Wall St week ahead Investors stick to stocks, but gear up for bumpier ride
Wall Street indexes were supported by gains in defensive and heavyweight technology stocks on Thursday, as investors fretted over when the Federal Reserve could begin tapering its massive stimulus program.
The Dow Jones retreated on losses in growth-sensitive sectors, while gains in major technology stocks kept the Nasdaq in positive territory.
Defensive sectors such as utilities and consumer staples were the best performers, while technology rose 1.1%.
The S&P energy sector was the worst performer among its peers with a 2.8% tumble, as oil prices hit a three-month low, while the materials sector dropped 0.7% after copper prices tumbled.
Data from the Labor Department on Thursday showed weekly unemployment claims at a 17-month low, further supporting the view that a job market recovery was underway.
The reading came a day after minutes from the Fed’s July meeting showed officials felt the employment benchmark for decreasing support to the economy “could be reached this year”, sending the S&P 500 down 1% in its worst day in a month.
“The Federal Reserve should start taking away the punchbowl by tapering after the next strong jobs report, potentially as soon as early September,” said Richard Saperstein, chief investment officer, Treasury Partners.
“After some initial stock market volatility, the market will likely appreciate the Fed’s tapering as it reinforces the central bank’s confidence in economic growth.”
At 11:56 am ET, the Dow Jones Industrial Average fell 12 points, or 0.03% , to 34,950.73, the S&P 500 gained 15.67 points, or 0.36 %, to 4,415.94 and the Nasdaq Composite gained 69.96 points, or 0.48%, to 14,595.87.
Concerns about the sudden tapering at a time when macroeconomic data was signaling a slowdown in U.S. economic growth have knocked Wall Street’s main indexes off record highs this week.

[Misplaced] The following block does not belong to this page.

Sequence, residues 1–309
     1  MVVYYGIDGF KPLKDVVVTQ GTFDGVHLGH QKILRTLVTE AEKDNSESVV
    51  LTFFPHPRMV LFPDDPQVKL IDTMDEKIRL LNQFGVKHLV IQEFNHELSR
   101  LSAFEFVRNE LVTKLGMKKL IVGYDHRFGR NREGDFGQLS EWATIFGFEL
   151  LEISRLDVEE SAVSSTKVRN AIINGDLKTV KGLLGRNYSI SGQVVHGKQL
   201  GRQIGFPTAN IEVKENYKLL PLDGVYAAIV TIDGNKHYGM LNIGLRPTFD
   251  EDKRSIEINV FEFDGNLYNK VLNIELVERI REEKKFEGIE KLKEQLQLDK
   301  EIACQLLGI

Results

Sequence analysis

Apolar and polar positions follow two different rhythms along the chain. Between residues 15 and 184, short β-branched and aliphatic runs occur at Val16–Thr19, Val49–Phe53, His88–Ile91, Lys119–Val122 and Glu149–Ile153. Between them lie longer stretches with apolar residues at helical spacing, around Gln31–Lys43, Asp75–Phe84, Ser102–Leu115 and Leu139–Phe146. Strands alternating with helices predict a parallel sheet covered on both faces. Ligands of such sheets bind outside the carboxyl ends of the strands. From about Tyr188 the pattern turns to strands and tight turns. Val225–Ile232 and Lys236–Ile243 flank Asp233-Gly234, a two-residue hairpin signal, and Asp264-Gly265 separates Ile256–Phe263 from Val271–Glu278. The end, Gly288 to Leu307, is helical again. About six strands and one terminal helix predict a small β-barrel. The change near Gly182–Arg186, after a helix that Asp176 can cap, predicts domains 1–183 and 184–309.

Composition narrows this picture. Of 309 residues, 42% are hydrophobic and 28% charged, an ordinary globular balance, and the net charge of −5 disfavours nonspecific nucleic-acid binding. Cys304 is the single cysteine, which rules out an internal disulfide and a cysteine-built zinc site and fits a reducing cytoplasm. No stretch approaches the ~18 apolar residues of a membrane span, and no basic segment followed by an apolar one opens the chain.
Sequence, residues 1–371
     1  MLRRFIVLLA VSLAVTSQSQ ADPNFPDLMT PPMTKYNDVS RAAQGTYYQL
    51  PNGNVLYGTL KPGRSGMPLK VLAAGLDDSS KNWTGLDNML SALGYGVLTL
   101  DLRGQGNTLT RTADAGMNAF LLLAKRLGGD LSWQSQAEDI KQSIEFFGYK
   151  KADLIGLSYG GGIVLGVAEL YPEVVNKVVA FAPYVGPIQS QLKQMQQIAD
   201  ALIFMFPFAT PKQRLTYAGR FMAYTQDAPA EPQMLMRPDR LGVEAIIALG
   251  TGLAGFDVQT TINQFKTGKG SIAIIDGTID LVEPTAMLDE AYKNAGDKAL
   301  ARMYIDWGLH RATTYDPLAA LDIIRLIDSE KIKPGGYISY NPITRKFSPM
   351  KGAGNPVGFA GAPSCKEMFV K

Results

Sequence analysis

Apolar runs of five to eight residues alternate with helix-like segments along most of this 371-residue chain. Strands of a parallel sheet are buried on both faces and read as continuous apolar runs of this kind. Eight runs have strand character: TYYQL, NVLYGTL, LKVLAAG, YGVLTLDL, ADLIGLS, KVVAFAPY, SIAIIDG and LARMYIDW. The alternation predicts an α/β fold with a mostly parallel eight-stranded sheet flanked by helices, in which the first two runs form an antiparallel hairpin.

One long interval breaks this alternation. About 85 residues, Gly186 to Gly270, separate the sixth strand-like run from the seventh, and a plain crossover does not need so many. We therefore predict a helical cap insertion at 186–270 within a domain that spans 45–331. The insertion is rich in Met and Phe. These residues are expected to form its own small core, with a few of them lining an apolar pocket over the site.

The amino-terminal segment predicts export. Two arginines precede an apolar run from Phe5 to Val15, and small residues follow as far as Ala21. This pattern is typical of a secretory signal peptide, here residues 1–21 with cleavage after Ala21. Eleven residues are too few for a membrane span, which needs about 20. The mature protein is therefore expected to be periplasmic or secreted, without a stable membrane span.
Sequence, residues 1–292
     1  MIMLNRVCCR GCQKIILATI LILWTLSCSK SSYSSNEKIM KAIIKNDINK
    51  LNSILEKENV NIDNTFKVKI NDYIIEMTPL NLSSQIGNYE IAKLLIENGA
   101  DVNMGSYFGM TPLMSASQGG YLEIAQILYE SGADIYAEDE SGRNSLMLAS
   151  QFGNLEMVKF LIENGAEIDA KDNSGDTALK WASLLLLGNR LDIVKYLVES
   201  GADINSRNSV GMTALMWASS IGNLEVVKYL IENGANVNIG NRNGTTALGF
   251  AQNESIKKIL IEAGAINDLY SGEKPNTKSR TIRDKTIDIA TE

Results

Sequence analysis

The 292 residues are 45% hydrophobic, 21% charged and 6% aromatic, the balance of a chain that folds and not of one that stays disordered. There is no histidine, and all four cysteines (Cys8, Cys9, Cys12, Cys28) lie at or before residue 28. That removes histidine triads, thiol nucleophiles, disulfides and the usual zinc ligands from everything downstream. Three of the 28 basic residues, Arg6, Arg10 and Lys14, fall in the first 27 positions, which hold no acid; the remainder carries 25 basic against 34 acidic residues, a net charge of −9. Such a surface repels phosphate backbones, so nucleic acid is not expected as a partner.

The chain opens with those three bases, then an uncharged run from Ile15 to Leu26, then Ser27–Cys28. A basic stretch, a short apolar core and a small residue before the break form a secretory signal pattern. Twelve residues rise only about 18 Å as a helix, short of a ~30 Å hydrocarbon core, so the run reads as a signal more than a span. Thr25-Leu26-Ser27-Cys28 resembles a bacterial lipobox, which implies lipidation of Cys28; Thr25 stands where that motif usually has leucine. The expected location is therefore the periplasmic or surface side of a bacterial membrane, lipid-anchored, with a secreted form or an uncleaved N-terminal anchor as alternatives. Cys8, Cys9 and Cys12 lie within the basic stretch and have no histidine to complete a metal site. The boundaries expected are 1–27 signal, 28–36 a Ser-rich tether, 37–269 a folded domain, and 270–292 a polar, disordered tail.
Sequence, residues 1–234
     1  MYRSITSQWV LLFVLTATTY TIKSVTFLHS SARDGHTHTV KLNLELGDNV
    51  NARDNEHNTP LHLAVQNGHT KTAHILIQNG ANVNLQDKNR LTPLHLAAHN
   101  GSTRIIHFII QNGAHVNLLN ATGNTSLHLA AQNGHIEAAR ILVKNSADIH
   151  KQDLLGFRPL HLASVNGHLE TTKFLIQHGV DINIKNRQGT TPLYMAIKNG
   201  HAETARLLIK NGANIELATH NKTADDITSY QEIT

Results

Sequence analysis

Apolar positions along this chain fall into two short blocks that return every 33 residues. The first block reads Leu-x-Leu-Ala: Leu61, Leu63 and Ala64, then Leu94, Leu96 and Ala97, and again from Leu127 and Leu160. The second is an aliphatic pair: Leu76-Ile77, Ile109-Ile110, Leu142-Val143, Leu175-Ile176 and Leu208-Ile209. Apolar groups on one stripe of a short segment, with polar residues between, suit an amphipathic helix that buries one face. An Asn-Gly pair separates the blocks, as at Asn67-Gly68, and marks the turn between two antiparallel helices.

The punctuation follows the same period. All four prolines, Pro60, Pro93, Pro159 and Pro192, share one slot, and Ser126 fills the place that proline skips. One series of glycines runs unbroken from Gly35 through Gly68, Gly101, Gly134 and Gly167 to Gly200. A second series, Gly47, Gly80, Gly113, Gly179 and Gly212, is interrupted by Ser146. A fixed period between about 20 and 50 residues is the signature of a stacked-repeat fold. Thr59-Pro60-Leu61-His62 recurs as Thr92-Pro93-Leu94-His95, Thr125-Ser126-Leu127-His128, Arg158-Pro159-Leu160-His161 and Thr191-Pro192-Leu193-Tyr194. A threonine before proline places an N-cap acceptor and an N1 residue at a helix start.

With the S&P 500 up nearly 100% from its pandemic-lows hit in March 2020, investors have also said stocks might be due for some profit-taking. But a strong second-quarter earnings season is likely to keep losses limited.
“There are other things that will probably cushion the market from any severe pullbacks. A lot of companies have raised their dividends, buybacks are back... whatever decline we’re headed for over the next few days, it’ll probably not be exaggerated,” said Peter Cardillo, chief market economist at Spartan Capital Securities in New York.
Investors are now awaiting the Fed’s annual research conference in Jackson Hole, Wyoming, next week for any cues on the central bank’s next steps.
Macy’s Inc and Kohl’s Corp rose 17.7% and 6.6%, respectively, after they raised their annual outlook as increasing vaccination rates brought more U.S. shoppers back to their stores.
Shares of Robinhood Markets Inc tumbled 7.4% after the owner of the popular trading app warned a trading frenzy among small-time investors that boosted its second-quarter revenue would slow down in the coming months.
Declining issues outnumbered advancers by a 2.8-to-1 ratio on the NYSE, and by a 2.2-to-1 ratio on the Nasdaq.
The S&P 500 posted 21 new 52-week highs and three new lows while the Nasdaq recorded 30 new highs and 212 new lows.